Saturday, January 11, 2014


Editor's (and Author's) Note:
I switched computers while in the middle of preparing this issue.  As a result, I ended up writing a second version of the same review when, on the second computer, I thought I hadn't finished my review of this wonderful book.  I present both versions here -- for I loved the book this much:



What the Stones Remember: A Life Rediscovered by Patrick Lane
(Trumpeter / Shambhala, Boston & London, 2006)

What the Stones Remember, Patrick Lane’s memoir about his first year of recovery from alcoholic addiction, is simply profound. Its scope is huge, its depth is breathtaking—because it addresses the specifics of the topic at hand (recovery from alcoholic addiction) while also becoming a larger commentary on the human condition. Its muscular, albeit tender, narrative is heart-forged from an impressively intense and examined life. It’s unfortunate that the life examined revolves around so much tragedy. But the author accomplished what only masterful poets can do: rise above its raw material to create Art, Poetry, from the ashes of experience—in this case, a stunningly moving, lyrical memoir. To read this book is to enter its own well-developed world.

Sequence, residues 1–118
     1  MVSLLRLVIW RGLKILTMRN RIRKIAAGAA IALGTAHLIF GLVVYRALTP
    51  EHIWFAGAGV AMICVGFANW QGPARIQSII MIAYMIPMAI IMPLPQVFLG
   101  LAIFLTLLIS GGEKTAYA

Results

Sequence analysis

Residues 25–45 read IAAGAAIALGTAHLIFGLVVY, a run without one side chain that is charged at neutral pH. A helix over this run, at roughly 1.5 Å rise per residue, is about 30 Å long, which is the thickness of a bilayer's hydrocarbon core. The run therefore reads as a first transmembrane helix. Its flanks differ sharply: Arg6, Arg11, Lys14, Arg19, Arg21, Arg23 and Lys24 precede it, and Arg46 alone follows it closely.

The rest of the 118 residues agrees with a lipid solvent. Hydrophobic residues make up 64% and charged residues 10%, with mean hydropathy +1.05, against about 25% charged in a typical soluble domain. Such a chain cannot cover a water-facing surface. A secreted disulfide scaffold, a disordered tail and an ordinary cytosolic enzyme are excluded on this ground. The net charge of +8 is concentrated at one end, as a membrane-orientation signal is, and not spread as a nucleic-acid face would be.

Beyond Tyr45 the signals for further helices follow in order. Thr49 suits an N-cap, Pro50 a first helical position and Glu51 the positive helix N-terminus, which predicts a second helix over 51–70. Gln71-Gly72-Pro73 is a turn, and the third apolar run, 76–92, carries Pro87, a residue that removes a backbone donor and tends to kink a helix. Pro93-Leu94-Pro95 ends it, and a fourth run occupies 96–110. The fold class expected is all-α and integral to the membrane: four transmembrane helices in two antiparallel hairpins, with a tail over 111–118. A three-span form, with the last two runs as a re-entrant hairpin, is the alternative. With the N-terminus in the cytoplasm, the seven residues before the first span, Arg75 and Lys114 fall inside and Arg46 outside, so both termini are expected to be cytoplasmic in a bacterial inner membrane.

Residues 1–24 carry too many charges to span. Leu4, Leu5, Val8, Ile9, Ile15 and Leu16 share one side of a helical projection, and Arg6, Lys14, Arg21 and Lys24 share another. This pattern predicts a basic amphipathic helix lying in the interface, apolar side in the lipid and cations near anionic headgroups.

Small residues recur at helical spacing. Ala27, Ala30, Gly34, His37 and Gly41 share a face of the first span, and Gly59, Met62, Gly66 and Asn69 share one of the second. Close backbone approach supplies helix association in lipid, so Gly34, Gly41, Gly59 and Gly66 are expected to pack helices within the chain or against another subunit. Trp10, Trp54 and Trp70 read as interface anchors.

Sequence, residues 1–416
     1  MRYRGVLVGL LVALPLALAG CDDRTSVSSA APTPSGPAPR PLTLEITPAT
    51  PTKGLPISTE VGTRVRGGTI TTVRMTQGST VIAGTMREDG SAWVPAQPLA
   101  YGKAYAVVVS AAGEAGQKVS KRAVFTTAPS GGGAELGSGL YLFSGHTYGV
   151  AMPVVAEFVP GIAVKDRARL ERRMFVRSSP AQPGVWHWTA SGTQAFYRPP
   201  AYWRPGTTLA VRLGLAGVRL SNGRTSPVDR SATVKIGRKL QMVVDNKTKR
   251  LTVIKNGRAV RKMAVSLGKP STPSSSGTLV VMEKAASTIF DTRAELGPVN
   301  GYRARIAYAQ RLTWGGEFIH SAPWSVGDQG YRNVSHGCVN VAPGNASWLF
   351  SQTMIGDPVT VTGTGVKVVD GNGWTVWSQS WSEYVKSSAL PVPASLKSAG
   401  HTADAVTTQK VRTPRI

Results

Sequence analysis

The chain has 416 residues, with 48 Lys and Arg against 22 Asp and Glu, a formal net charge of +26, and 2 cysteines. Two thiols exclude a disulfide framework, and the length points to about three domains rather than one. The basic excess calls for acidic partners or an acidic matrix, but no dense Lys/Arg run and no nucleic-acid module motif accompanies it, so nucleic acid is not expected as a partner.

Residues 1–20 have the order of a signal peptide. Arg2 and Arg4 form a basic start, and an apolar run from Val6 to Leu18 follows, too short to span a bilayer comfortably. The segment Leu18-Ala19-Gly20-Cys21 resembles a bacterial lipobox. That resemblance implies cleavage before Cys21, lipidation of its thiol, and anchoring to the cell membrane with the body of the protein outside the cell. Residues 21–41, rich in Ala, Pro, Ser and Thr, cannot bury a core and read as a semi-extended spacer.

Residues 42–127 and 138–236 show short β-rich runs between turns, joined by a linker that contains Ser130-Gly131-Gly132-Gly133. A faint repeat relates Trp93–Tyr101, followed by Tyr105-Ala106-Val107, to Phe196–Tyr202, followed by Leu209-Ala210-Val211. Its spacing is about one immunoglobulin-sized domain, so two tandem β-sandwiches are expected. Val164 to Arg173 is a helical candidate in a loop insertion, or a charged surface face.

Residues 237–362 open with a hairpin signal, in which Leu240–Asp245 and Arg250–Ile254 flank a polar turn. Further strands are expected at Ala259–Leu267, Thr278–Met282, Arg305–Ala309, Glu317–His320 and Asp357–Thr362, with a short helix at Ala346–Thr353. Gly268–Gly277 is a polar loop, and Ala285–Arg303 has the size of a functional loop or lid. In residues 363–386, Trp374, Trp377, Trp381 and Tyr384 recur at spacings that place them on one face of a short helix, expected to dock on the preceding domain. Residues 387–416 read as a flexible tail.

The memoir’s structure takes it beyond the genre of such memoirs for two reasons. First, while the period is supposed to be the first year of recovery, sufficient flashbacks and meditations to as far back as the author’s early childhood makes this book also an autobiography of a prolonged life. Second, the recovery year also revolves around the poet’s creation of a garden, including his engagements with nature:

I have just come into the house after gathering dandelion leaves to mix with our salad tonight. Washed, they rest in the colander, a tonic for spring. They will be a little bitter now. Only the very richest of leaves are sweet, but a wisp of bitterness is good in spring. It clarifies the blood. A little vinegar and herbs, some extra-virgin olive oil, garlic, and the leaves of spring augmented by some early red-leafed lettuce. Was there such pleasure in spring before I quit drinking? Did I kneel in wonder in the garden then to pick dandelion greens, arugula, and herbs?